Recycling, reducing, reusing
National Recycling month is coming to a close. This month we have talked about how the landfill works, how we are all part of the recycling process, and how companies are working hard to use those recyclables again in new packing or products. However, as a society as a whole, we all need to understand that recycling alone will not get us out of our waste problem.
Recycling is only part of the solution. However, we also have to step up to the future of trash disposal and reduce the trash that we are making. It starts first with making better choices when we go shopping, even for everyday items. We need to reduce and reuse. These are the other two “r’s” along with recycling. Recently, as of 2018, the United States recycling rate fell. It was not because we were recycling less but we, as a country, are throwing away much, much more.
Reducing what we purchase and making those purchases count or last longer is so very important. A great example is bottled water. Bottled water is not necessary unless you live somewhere where the water is poor. A Brita water conditioner container or something similar along with a reusable water bottle will save you money and will reduce plastic waste. Only use single-use plastic when there are no other choices: single-use plastics are plastic utensils, straws, water that comes in plastic bottles, stop using Styrofoam plates and cups, and stop using plastic drinking cups. We need to reduce the use of other single-use products such as paper plates, paper cups, single-serving containers, and the like.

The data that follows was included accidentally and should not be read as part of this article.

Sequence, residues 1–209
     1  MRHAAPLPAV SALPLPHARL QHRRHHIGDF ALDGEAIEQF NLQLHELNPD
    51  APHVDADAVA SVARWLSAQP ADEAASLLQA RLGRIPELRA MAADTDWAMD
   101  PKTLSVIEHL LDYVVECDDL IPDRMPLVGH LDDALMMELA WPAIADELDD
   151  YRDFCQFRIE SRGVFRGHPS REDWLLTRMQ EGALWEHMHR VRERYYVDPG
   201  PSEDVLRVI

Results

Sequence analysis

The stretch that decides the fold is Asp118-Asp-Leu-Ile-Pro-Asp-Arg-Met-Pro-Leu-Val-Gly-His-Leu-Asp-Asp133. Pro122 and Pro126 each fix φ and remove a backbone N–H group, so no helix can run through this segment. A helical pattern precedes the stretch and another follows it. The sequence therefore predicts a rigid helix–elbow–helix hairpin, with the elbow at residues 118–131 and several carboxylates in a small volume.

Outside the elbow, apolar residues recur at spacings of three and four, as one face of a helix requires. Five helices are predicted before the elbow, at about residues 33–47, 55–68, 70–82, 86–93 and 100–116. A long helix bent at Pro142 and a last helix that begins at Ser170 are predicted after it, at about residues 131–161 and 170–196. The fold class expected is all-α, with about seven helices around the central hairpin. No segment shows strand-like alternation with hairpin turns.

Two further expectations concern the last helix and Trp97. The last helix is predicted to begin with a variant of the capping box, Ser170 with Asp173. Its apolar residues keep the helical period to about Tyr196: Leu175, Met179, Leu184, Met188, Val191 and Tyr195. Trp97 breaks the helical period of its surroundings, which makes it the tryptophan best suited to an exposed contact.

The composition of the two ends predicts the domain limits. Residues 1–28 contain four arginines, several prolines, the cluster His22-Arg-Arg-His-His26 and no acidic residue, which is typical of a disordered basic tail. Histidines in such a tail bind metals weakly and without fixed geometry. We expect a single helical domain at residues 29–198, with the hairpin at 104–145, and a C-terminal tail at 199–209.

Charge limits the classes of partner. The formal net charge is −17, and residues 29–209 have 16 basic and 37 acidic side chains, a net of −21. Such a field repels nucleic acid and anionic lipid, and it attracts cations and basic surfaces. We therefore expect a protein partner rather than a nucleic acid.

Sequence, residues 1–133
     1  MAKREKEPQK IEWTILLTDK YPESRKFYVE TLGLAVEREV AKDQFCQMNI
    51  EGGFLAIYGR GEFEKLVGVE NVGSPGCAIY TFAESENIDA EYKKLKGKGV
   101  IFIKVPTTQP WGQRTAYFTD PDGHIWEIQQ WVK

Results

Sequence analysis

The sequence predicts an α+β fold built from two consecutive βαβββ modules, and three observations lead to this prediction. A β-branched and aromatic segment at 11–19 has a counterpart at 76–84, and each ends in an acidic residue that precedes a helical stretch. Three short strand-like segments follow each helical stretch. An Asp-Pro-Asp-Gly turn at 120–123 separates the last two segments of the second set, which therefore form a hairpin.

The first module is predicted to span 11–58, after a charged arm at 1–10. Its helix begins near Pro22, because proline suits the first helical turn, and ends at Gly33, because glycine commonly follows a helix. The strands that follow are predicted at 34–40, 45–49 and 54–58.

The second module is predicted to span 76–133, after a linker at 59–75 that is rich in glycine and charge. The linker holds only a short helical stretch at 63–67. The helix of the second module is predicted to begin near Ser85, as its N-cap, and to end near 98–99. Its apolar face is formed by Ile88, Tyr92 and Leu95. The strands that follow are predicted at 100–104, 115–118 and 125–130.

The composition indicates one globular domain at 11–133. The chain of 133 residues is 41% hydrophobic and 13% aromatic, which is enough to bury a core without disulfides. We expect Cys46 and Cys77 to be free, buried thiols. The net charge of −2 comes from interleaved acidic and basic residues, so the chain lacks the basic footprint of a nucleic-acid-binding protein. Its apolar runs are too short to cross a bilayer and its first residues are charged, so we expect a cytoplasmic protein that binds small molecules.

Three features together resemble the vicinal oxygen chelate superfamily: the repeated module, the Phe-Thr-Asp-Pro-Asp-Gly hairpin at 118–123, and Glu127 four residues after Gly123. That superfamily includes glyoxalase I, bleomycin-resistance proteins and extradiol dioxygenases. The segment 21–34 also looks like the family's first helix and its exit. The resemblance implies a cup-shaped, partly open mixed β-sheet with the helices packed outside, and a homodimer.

It is important to choose wisely when deciding to purchase small appliances (vacuum cleaners, blenders, toasters, etc) because they are almost always trash. We cannot recycle these items because they are made up of more than one type of material such as plastic and metals. If we chose a small appliance that lasts longer, then we will have less to purchase and throw out during our lifetime. We could even pass that small appliance down to our children if need be.
Think ahead before purchasing some of these items (computers, televisions, small appliances, mattresses, clothing, etc) on what you will do with it once you are done using it or if it happens to break. Keep in mind that these are often items that very often incur an extra fee for disposal which is not included in your regular trash service. There are other options to throwing these items in the trash. Call us to find out more. Purchase only the textiles (clothes, towels, rugs, etc) that you absolutely need and use them until they are worn out. If donating items, wash these items before donating and call ahead and ask questions about how the best way is to donate them before bringing them.
It is very difficult to avoid plastic containers and it helps to avoid them as much as you possibly can. It is nearly impossible in our area to avoid them altogether but we can make some simple swaps. This is pretty evident even in my own life when I take a look at what I have sitting in my grocery cart some days.
An example is using more bar soap than liquid soap whenever possible. Choose soda in aluminum cans rather than in plastic bottles whenever you can. Use beeswax wrapping paper instead of plastic wrap. Compost your food waste whenever possible. Food waste makes up approximately 22% of the waste (trash) that is thrown into the landfill. Get a reusable water bottle and ditch the plastic bottle of water. Return plastic shopping bags to the store. Get into the habit of using cloth napkins instead of paper napkins. Ditch paper towels for cloth towels to clean up messes. And remember, most of these simple swaps not only will be helping to save on the things we are throwing away, but it will also save you money because you will not be purchasing as many of these items!
For more information on recycling or disposing of unwanted items, please call the Lyon County Environmental Department at (507) 532-8210.